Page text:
Islam Ahmed is a woman, Muslim, African, Arab and American. It’s a unique identity and one that she used to believe meant the odds were never in her favor. In her story she shares how she has learned to appreciate each of her identity circles and how each works with one another, sometimes in harmony and other times clashing. This story is part of MALA’s scholarship essay contest. To see more scholarship essays, click here.
Growing up as a child of new Americans, I have three identities that have shaped my values, beliefs and informed my decisions in life: my Muslim, Sudanese and American identities, in that order. For as long as I can remember, I have always pictured my identity as an image akin to our solar system. My identity consists of a series of four circles orbiting each other that at times complement each other and at others often threaten to clash.
At the heart of the system is the sun, a representation of myself, irrespective of four of my most potent identities. The innermost circle is one that represents the identity that is closest to my heart: being Muslim. This identity is at the center because all that I am, everything I believe in and represent, is grounded in my religion. While I have occasionally felt uncertain of the credibility of a few aspects my religion, I have never been so unsure as to question the validity of the doctrine of Islam.
Gender occupies the second ring of my identity system. This is where the concept of complementation comes in. Because I am a woman, my religion commands me to dress modestly and cover my hair by wearing a hijab. On the other hand, the conflict between my gender and American/Sudanese identities arises in the educational system and in the workplace because both societies are patriarchal, and I will not obtain a position that is as high as a man or be paid as well as men.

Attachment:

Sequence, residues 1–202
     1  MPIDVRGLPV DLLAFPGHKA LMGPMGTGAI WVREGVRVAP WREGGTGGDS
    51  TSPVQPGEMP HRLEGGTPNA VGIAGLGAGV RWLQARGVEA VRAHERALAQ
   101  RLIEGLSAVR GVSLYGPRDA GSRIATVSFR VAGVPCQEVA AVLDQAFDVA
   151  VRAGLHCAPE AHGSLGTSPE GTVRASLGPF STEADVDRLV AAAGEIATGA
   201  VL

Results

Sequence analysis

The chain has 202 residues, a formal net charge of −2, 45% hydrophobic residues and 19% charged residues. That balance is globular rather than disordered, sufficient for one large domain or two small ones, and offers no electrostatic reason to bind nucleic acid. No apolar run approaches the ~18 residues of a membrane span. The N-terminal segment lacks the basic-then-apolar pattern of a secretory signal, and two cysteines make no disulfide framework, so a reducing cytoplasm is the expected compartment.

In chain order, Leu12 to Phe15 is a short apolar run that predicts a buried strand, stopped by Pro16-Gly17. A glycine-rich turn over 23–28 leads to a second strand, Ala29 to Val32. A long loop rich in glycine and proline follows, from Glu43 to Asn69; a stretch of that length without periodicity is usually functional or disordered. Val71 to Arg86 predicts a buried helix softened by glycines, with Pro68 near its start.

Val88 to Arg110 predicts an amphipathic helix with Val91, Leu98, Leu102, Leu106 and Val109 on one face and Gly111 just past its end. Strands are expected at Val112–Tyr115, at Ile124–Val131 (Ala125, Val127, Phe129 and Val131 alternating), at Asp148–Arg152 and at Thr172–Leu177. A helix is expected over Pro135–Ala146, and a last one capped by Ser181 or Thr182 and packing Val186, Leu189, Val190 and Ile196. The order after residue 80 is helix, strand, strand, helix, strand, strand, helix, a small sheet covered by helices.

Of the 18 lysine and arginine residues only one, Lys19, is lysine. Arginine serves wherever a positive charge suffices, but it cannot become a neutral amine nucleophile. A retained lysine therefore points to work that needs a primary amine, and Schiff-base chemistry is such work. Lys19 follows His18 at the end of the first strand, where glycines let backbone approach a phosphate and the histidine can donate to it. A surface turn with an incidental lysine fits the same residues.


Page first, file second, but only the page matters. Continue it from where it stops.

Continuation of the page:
In the third and fourth rings reside my Sudanese and American identities, respectively. These aspects have as large an impact on my daily life as any.
When I was a naive high school senior, I had what I then thought was an original and wonderful idea, I wanted to write a book about my system of solar identities. I decided it would be entitled “I’m an African/Arab American Muslim Female Named Islam, the Odds Couldn’t Have Been Less In My Favor” — the last bit was an ode to the “Hunger Games” trilogy that I had really enjoyed reading. For the longest time I thought the odds were stacked against me because of my race, ethnicity, sex and religion. It took me a while to put an end to my defeatist perspective, and frankly, I do not believe that it is completely abolished, but I have certainly come to love and cherish all aspects of my identity.